“Yesterday and last evening, the enemy threw an infantry force upon Dauphin Island, 7 miles from Fort Gaines. The fleet outside is larger this morning… General Maury call on all to enroll themselves in battle. Great confidence prevails.”

The Winnebago briefly shelled Fort Gaines, as Farragut called a council of war to review the attack plan for the next day. Farragut explained:

“The service that I look for from the ironclads is, first, to neutralize as much as possible the fire of the guns which rake our approach; next to look out for the ironclads when we are abreast of the forts, and, lastly, to occupy the attention of those batteries which would rake us while running up the bay.

“After the wooden vessels have passed the fort, the Winnebago and Chickasaw will follow them. The commanding officer of the Tecumseh and Manhattan will endeavor to destroy the Tennessee, exercising their own judgment as to the time they shall remain behind for that purpose.”

Farragut planned to bypass the forts and occupy Mobile Bay, which would then starve the Confederates in the forts into surrender. Granger’s troops on Dauphin Island “will simultaneously attack Fort Gaines with our passage into Mobile Bay. What torpedoes or obstructions are in the ship channel we are ignorant. An effort on our part to pass in will be made, but the result is in the hands of the Almighty, and we pray that He may favor us.”

That night, Farragut wrote his wife: “I write and leave this letter for you. I am going into Mobile Bay in the morning, if God is my leader, as I hope He is, and in Him I place my trust… The Army landed last night, and are in full view of us this morning. The Tecumseh has not yet arrived.”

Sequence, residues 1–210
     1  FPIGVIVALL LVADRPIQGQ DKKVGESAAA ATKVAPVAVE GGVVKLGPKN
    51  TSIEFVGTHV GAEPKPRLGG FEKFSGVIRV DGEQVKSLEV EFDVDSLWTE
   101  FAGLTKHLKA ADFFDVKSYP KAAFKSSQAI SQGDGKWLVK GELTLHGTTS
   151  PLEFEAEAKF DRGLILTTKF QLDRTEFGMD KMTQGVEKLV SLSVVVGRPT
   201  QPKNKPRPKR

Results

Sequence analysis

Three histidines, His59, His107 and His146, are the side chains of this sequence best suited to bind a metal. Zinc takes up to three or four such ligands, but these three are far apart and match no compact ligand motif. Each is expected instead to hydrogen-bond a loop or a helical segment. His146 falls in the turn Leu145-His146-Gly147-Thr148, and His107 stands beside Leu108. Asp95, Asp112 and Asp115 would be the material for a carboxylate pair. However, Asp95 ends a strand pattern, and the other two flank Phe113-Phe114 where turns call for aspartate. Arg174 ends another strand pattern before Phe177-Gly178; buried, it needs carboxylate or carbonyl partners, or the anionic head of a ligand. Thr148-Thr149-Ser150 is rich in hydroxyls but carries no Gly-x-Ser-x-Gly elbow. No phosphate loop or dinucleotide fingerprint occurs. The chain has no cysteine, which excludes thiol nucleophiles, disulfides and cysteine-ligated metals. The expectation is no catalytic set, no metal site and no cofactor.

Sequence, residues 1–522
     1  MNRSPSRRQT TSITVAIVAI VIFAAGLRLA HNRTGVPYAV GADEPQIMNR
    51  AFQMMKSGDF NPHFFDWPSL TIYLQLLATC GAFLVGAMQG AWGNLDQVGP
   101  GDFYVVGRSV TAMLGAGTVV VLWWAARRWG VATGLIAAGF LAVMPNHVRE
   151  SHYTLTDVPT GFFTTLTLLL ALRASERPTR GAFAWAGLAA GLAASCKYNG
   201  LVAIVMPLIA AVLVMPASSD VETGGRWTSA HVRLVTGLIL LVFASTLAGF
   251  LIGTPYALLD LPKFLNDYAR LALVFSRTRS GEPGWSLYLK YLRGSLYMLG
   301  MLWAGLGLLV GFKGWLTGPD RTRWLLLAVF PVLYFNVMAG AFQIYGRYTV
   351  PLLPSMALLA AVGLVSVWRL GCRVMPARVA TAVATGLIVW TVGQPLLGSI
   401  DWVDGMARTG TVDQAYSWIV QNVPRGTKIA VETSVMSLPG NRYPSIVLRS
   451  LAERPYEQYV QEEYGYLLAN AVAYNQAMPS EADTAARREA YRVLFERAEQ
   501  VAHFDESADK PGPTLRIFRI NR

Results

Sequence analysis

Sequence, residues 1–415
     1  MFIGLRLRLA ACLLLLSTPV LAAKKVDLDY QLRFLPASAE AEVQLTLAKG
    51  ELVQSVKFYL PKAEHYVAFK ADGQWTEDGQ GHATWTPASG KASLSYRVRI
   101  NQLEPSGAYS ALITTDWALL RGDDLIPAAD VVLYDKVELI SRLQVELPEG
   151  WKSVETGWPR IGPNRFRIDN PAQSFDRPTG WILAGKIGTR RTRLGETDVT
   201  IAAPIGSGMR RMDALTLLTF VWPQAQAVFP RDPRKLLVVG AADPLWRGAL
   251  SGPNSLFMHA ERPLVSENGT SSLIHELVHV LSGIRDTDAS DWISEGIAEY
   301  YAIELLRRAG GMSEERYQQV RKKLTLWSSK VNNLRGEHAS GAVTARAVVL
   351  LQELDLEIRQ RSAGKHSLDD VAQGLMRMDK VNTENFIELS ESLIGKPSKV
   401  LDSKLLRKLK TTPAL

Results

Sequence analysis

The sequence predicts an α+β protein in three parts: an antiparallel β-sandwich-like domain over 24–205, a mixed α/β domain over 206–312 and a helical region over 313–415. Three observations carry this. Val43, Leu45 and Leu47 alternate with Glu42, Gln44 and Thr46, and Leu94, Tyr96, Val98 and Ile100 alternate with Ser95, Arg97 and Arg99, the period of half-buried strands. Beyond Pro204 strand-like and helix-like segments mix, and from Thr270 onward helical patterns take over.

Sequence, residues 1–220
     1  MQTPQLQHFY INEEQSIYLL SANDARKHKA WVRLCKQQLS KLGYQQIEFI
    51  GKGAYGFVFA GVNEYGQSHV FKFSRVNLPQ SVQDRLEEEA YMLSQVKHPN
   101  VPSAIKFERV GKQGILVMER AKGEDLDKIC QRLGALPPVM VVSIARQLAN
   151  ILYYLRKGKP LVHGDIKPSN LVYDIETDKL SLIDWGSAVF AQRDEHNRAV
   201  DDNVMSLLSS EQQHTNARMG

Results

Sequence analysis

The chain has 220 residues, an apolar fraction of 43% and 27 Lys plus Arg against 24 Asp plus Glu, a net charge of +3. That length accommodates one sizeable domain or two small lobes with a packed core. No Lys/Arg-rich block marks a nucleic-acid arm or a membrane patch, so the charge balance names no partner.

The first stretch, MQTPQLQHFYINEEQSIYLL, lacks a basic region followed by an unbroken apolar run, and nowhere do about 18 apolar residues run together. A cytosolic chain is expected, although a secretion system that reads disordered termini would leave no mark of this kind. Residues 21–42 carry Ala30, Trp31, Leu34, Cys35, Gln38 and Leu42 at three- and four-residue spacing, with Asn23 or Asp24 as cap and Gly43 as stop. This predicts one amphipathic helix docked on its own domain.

The Tecumseh finally arrived late that night and joined the line of battle. To succeed, the Federals had to enter a channel only 200 yards wide and avoid the torpedoes while under fire from Fort Morgan and the Confederate vessels in the bay.

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References

Angle, Paul M., A Pictorial History of the Civil War Years (New York: Doubleday, 1967), p. 177-78; Chaitin, Peter M., The Coastal War: Chesapeake Bay to Rio Grande (Alexandria, VA: Time-Life Books, 1983), p. 143, 145; CivilWarDailyGazette.com; Davis, Jefferson, The Rise and Fall of the Confederate Government: All Volumes (Heraklion Press, Kindle Edition 2013, 1889), Loc 15315-24; Denney, Robert E., The Civil War Years: A Day-by-Day Chronicle (New York: Gramercy Books, 1992 [1998 edition]), p. 444; Fredriksen, John C., Civil War Almanac (New York: Checkmark Books, 2007), p. 479-80; Foote, Shelby, The Civil War: A Narrative: Volume 3: Red River to Appomattox (Vintage Civil War Library, Knopf Doubleday Publishing Group, Kindle Edition, 2011), Loc 10394-414; Linedecker, Clifford L. (ed.), The Civil War A to Z (Ballantine Books, 2002), p. 183-84; Long, E.B. with Long, Barbara, The Civil War Day by Day (New York: Da Capo Press, Inc., 1971), p. 550-51; McPherson, James M., War on the Waters: The Union and Confederate Navies, 1861-1865 (Littlefield History of the Civil War Era, The University of North Carolina Press, Kindle Edition, 2012), p. 209